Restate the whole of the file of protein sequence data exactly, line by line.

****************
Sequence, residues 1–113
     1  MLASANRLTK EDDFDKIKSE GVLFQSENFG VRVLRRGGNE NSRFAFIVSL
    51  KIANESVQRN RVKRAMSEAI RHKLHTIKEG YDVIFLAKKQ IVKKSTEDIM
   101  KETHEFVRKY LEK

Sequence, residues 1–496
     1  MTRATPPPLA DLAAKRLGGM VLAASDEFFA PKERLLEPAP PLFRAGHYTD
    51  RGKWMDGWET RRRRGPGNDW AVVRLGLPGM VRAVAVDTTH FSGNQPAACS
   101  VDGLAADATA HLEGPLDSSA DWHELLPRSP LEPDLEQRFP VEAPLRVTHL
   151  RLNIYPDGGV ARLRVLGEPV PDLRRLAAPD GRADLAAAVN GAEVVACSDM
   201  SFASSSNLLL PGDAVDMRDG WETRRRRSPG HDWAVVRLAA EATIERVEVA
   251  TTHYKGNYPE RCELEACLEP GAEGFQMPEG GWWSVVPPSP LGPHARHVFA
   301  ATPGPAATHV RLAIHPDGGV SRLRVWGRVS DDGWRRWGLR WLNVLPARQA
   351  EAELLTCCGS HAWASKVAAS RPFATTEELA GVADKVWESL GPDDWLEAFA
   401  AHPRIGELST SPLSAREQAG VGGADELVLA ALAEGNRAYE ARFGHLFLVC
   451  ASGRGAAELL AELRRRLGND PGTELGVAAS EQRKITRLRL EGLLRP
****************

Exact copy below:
Sequence, residues 1–113
     1  MLASANRLTK EDDFDKIKSE GVLFQSENFG VRVLRRGGNE NSRFAFIVSL
    51  KIANESVQRN RVKRAMSEAI RHKLHTIKEG YDVIFLAKKQ IVKKSTEDIM
   101  KETHEFVRKY LEK

Sequence, residues 1–496
     1  MTRATPPPLA DLAAKRLGGM VLAASDEFFA PKERLLEPAP PLFRAGHYTD
    51  RGKWMDGWET RRRRGPGNDW AVVRLGLPGM VRAVAVDTTH FSGNQPAACS
   101  VDGLAADATA HLEGPLDSSA DWHELLPRSP LEPDLEQRFP VEAPLRVTHL
   151  RLNIYPDGGV ARLRVLGEPV PDLRRLAAPD GRADLAAAVN GAEVVACSDM
   201  SFASSSNLLL PGDAVDMRDG WETRRRRSPG HDWAVVRLAA EATIERVEVA
   251  TTHYKGNYPE RCELEACLEP GAEGFQMPEG GWWSVVPPSP LGPHARHVFA
   301  ATPGPAATHV RLAIHPDGGV SRLRVWGRVS DDGWRRWGLR WLNVLPARQA
   351  EAELLTCCGS HAWASKVAAS RPFATTEELA GVADKVWESL GPDDWLEAFA
   401  AHPRIGELST SPLSAREQAG VGGADELVLA ALAEGNRAYE ARFGHLFLVC
   451  ASGRGAAELL AELRRRLGND PGTELGVAAS EQRKITRLRL EGLLRP